As a Calgary-based parent and educator, I have often wrestled with the conundrum of balancing education and entertainment for children and adults with learning disabilities. My journey in this quest led me to an interesting discovery—video games. Video games, often viewed as a form of recreation, can sometimes be a powerful tool in enhancing learning. While unsupervised or unmonitored video game play is no substitute for a tutor for learning disabilities, games do have a role in education.
The relationship between video games and learning is an emerging field of study, and the results are quite promising. Research indicates that video games can help improve various cognitive functions, helping children overcome the challenges posed by learning disabilities. However, it's not about letting children spend endless hours in front of screens. The key lies in striking a balance—limiting screen time while maximizing the benefits of gaming.
For this article, I read research by Monique Patenaude, University of Rochester; a National Institutes of Health article on Bader Chaarani's research (Department of Psychiatry, University of Vermont, Burlington), a Brooke Kleiboer article from the University of Saskatchewan, and finally, Bader Chaarani's research must have been so interesting that NPR interviewed him. You can listen to the NPR interview here.
Chaarani noted that some kids spend 15 hours a day playing video games and later suggested this may result in poor mental and physical health.
Chaarani’s findings included: children who play video games 3+ hours/day outperform kids who never play video games in terms of impulse control and memory. Brain activation changes in those video game players involved in memory processing, vision, and attention.
Not all games are equal. There are small studies that suggest that action adventure games affect the brain differently than problem solving and logic games. For kids 9-10 years old, the majority play fast paced games like Call of Duty or racing. Very few of those kids play problem solving and logic games. Chaarani reported that children who played action games saw the best benefit.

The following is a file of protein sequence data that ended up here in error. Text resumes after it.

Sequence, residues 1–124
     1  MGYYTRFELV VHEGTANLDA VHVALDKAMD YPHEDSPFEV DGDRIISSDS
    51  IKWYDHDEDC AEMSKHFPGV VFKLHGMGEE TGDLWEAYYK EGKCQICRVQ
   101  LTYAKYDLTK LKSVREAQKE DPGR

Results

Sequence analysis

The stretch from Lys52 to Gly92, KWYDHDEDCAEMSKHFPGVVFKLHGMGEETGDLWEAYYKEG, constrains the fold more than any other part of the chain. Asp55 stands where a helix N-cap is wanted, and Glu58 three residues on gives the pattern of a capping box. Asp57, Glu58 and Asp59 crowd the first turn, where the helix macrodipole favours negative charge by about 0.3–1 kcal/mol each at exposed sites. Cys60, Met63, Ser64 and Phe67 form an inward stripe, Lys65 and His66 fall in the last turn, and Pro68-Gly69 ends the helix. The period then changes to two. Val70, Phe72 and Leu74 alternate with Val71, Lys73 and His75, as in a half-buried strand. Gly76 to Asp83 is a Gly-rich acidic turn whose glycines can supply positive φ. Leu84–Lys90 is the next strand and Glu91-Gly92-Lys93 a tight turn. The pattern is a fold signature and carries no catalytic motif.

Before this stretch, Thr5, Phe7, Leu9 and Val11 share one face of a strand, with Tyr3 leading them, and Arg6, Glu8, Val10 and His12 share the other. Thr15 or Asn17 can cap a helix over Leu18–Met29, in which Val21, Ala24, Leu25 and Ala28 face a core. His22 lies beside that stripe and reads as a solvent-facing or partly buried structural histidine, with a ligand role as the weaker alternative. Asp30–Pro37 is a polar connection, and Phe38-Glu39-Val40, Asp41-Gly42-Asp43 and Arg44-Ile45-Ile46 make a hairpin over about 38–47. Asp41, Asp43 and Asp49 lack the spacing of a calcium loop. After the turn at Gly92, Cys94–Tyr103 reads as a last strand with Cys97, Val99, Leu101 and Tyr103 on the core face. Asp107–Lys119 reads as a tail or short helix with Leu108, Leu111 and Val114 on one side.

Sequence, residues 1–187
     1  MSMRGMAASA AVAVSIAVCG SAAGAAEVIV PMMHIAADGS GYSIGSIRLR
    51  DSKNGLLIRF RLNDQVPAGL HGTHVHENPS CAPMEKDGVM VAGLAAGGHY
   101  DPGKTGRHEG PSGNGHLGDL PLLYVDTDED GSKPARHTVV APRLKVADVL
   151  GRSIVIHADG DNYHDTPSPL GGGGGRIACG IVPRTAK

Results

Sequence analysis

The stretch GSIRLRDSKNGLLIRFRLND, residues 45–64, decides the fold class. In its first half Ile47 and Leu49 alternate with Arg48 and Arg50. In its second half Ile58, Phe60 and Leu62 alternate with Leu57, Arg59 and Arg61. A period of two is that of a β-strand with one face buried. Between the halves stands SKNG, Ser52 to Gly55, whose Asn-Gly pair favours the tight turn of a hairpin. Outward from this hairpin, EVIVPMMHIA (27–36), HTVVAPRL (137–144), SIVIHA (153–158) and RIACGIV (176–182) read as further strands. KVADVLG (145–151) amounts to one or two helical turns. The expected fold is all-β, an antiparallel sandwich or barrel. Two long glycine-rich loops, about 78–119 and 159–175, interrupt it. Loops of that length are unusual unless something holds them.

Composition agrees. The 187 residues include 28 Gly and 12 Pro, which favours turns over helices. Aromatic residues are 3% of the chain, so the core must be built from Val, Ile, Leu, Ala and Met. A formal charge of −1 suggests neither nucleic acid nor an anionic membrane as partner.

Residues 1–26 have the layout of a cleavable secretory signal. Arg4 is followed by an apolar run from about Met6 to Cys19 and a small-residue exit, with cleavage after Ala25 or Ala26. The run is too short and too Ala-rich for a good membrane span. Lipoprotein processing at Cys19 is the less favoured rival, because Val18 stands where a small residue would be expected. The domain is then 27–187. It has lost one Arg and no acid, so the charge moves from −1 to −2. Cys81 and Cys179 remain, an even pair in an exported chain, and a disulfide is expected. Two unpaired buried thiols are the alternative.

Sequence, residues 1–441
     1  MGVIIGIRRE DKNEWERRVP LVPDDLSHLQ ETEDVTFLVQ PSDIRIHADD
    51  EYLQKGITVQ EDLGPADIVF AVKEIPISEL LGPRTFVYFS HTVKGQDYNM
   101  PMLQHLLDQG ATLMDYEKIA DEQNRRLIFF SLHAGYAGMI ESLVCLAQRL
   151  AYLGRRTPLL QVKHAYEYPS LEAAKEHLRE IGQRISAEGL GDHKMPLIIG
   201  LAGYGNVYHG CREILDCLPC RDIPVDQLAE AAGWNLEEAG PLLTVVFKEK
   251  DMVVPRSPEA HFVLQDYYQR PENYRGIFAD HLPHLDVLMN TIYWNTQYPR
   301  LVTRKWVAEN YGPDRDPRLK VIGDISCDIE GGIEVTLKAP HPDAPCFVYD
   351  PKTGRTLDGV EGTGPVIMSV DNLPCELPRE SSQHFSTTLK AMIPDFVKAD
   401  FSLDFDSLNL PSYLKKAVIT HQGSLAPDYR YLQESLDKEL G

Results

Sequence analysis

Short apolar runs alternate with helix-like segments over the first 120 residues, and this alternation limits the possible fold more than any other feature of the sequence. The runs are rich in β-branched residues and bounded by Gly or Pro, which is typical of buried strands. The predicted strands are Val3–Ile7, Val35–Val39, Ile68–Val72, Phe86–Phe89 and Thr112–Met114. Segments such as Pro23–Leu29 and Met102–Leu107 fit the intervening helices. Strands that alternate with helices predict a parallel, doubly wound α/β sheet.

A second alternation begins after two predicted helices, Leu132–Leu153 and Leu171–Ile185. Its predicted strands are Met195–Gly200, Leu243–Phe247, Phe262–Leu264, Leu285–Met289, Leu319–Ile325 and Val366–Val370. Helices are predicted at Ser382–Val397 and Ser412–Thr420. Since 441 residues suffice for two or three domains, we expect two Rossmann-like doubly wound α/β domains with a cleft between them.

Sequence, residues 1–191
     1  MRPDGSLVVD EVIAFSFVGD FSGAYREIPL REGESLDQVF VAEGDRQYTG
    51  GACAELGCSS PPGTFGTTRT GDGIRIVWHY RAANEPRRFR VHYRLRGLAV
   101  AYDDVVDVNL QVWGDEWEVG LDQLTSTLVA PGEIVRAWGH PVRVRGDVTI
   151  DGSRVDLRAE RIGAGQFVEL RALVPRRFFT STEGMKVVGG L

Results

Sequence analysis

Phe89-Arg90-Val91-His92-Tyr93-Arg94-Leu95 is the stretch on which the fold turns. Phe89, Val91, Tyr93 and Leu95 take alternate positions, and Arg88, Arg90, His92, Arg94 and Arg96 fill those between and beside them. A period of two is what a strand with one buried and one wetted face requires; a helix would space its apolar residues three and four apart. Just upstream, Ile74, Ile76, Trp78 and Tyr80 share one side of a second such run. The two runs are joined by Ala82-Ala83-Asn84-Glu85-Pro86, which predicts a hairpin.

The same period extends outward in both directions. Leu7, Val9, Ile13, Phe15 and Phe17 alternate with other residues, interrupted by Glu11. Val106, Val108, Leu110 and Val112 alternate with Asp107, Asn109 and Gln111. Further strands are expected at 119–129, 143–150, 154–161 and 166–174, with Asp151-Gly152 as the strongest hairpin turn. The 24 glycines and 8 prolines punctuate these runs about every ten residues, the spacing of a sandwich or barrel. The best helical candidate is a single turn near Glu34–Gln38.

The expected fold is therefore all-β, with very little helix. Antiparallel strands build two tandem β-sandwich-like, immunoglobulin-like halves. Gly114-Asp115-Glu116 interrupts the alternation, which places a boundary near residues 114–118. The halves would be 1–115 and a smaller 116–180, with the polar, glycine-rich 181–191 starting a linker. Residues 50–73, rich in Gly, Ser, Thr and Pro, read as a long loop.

There was a negative outcome from extended screen time on both a child's mental and physical health. Also, children playing 1 to 3 hours of games a day have better outcomes than kids who spend the same amount of time using screens for other purposes like texting or passive screen time watching TV, or YouTube.
After reading and listening to Chaarani’s research, I wondered what the outcome would be if the whole family was involved in gaming simultaneously. Is family bonding improved? Does a child’s cooperation skills improve? Will all family members' brains benefit from such activity? Finally, as a person heavily involved in sports, I would like to see outcomes compared to children playing team sports and compared to children who balance team sports, video games, and formal education.
Understanding Learning Disabilities in Children
Before delving into the role of video games in enhanced learning, it's essential to understand learning disabilities in children. Learning disabilities are neurologically-based conditions that affect how children receive, process, and communicate information. They can impact a child's ability to read, write, speak, and perform mathematical calculations.
Children with learning disabilities often struggle with traditional teaching methods, and this can lead to frustration, low self-esteem, and a lack of motivation to learn. However, every child has a unique way of learning, and it's our responsibility to discover and nurture it. This blog partially promotes Calgary reading disability services at Rocky Point Academy but child learning is a community effort including many learning places and forms. This is where video games come into play. They can provide an alternative, engaging, and interactive way of learning that can cater to the individual needs of children with learning disabilities.